New deliverables explore attitudes to energy communities

Reports on experimental studies on the psychology of support for and willingness to join energy communities and energy citizenship

23rd January 2024

How do energy community set-ups influence citizens' willingness to support and join them? Does a sense of collective agency motivate energy citizenship? And what conditions cause positive environmental spill-over effects?

These were the research strands explored by teams from the psychology departments of the University of Leipzig and University of Groningen during a series of lab studies undertaken as part of EC². In the studies, researchers explored the human side of the energy transition by looking at how people's attitudes and behaviours towards a sustainable energy transition are influenced by how energy communities are set up. Data was gathered from over 10,000 participants who reacted to various scenarios about energy community set-up and citizen behaviour.

The resulting deliverables, Report on experimental studies on energy communities: Effects of energy community set-ups on support for and willingness to join energy communities and Report on experimental lab studies on energy citizenship: Energy community set-ups, energy visions and collective agency as predictors of energy citizenship and pro-environmental spillover, report in detail on the studies and what their conclusions may mean for supporting energy communities and fostering energy citizenship.

Key Findings

The studies provide clues as to how energy community participation and energy citizenship can be strengthened, with important lessons for policymakers. We’ve published a full policy brief drawing out the policy implications of this research, but here are some of the the studies’ key takeaways at a glance:

Set-up matters:The findings suggest that the design of energy communities does impact people's support for and willingness to get involved: importantly, study participants were more willing to support energy communities when these were set up and organised by community members, or in collaboration with municipalities rather than unilaterally set up and organised by municipalities. .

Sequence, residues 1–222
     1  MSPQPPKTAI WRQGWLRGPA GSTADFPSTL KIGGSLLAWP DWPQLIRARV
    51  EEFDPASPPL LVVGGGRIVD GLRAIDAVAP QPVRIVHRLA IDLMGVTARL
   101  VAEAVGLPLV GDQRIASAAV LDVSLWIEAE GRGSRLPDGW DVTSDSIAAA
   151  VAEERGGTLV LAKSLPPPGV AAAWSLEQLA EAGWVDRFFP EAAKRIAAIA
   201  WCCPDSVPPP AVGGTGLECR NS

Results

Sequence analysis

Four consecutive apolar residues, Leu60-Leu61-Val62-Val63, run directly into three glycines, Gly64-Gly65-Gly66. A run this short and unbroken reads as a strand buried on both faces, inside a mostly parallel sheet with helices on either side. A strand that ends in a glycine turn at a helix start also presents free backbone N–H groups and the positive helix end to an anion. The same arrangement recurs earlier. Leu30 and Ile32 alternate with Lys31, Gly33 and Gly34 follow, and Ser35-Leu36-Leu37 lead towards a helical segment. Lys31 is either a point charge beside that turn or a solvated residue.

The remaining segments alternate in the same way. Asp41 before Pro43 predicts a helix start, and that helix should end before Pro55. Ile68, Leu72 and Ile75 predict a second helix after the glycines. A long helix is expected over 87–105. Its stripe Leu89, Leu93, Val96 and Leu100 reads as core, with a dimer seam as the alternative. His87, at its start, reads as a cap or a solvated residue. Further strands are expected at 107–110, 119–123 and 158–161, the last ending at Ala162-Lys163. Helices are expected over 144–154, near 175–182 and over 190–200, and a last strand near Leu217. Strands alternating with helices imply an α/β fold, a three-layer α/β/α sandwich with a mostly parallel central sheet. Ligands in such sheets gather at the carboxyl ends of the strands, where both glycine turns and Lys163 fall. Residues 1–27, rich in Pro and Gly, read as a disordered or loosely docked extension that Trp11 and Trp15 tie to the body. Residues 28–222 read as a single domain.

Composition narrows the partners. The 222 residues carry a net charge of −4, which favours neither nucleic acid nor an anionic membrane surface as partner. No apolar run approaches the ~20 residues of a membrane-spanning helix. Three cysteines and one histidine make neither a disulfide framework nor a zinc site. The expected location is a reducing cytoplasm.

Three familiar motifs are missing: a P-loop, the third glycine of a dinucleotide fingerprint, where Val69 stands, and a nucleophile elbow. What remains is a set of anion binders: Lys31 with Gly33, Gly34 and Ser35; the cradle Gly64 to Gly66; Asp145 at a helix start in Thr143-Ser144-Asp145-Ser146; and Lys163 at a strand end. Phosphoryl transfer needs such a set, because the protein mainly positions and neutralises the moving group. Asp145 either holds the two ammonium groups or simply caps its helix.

The power of a positive vision: Researchers found that when individuals are encouraged to imagine a future where our energy systems are both fair and sustainable, they are more likely to actively engage in the transition.

Diversity and representation in energy communities: The studies found that, in the Netherlands, men were more willing to join a proposed community energy initiative compared to women, independent of how the energy community was presented in terms of diversity of the board members. This is in line with evidence showing that CEIs are often led by men. Importantly, the study found that overall women felt it less efficacious to join an energy community. More research is needed on the gender dynamics of energy citizenship and energy communities.

Identifying and highlighting positive behaviour trends towards sustainable energy production and usage might help encourage energy citizenship - but more research is needed: In one experiment, when participants read information about an increasing number of Europeans getting involved in the energy transition this resulted in higher levels of energy citizenship compared to those who read texts about stagnating involvement. However, none of the other experiments showed the same positive effect on energy citizenship, thus further research is needed.

The studies offer important insights towards creating successful interventions to encourage citizens’ involvement in the energy transition, but it’s clear that further research on this topic is urgently needed in order to find out how to motivate people within the EU and beyond to participate in a just and sustainable energy transition.

Explore our full policy brief based on the research, and download the full deliverables on our downloads page.

Read the deliverables